Sony 2017 results: full game digital sales make up 32% of total

Sony’s full year results are a parade of good news for the company and the industry. Though the standout figure is that globally just 32 per cent of full game sales on the console platform are digital.

When you account for the huge numbers of discounted and smaller indie titles available through the PlayStation Store (which we can be certain of having recently seen both 2015’s Rainbow Six Siege and 2014’s Shadow of Mordor in the Italian top console downloads for 2017), which have little to no equivalent at retail – apart from per-owned sales which aren’t tracked by Sony – the figure for full-priced releases must be even lower still.

Digital shift is still moving at a pace, but that pace is slowing, having shifted eight points from 2015 to 2016 (19 per cent to 27 per cent), but only five points during 2017. That five point shift fits with EA’s prediction from January this year, which the company said would now be the typical figure for many years to come.

As a global figure it’s almost certainly lagging behind the position of the UK today, with many markets (including Japan itself) being more physically-inclined when it comes to console game purchasing. Still it’s evidence that digital shift isn’t accelerating in full game sales, though the proportion of revenue moving to digtial, through games-as-service titles is undoubtedly increasing.

Altogether Sony estimates sell-through of 645m PS4 games to the end of December 2017.


It’s worth noting that the ‘free’ games Sony provides as part of its PlayStation Plus service aren’t included in such figures, though in essence they are digital full game sales in practically every respect.

The subscription service boomed over 2017 by 29.5 per cent from 34.2m players, up from 26.4 at the end of the previous period. That’s accelerating growth and we’d expect to see it accelerate further still in 2018 as titles such as Fortnite, which are otherwise free-to-play but demand Plus membership as online games, continue to grow. Sony gave no predictions for the service in 2018.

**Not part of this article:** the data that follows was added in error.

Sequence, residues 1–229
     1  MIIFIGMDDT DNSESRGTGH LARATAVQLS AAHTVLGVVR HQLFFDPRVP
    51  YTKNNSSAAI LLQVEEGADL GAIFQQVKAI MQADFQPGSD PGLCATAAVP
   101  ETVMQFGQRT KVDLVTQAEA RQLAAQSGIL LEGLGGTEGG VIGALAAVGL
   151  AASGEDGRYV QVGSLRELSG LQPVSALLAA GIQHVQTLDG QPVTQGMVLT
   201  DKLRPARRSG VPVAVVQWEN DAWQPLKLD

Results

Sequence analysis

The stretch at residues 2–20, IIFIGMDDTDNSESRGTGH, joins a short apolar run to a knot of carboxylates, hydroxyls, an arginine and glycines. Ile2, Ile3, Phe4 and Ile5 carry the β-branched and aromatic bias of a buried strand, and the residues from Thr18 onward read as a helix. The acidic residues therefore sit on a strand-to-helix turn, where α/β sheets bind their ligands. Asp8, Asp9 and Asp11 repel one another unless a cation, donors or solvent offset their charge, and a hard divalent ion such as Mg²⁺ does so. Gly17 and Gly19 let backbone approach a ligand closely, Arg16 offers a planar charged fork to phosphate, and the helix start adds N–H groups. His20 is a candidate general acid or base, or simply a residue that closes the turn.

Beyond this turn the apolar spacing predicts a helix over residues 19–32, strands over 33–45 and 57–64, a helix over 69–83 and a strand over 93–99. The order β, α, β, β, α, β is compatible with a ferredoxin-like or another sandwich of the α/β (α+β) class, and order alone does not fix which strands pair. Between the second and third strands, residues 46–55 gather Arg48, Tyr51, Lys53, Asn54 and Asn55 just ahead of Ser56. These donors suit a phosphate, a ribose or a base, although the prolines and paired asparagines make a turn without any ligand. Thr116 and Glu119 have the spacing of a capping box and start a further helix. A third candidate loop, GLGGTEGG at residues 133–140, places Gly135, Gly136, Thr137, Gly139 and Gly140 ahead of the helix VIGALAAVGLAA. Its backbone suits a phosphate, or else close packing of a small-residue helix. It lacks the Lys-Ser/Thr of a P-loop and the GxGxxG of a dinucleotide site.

The good news for everyone is that PS4 hardware sales exceeded expectations last year with the company shifting 19m consoles globally, rather than the 18m expected. Sony estimates the global sell-through of consoles by the end of December 2017 as 73.6m units, with shipped units by the end of March 2017 totalling to around 79m

That’s one million less than last year and predictions for 2018, of 16m units, show the beginning of the end of what has been an incredible workhorse for the industry. As sales decline we can start to put credence to rumours of a new PlayStation, most likely in 2020. Though with PC-related architecture, and so near-full backwards compatibility, that’s unlikely to be a new console transition of the sort the industry has had to suffer before.


Sales for full year 2017 (to March 31st this year) )were up 17.8 per cent year-on-year to ¥‎1,943.8bn (£12.88bn) with an operating income of ¥‎177.5bn (£1.18bn). Sony predicts that next year will be pretty flat with decreasing hardware sales causing a 2.3 per cent drop in sales but operating income still rising to ¥‎190bn (£1.26bn).

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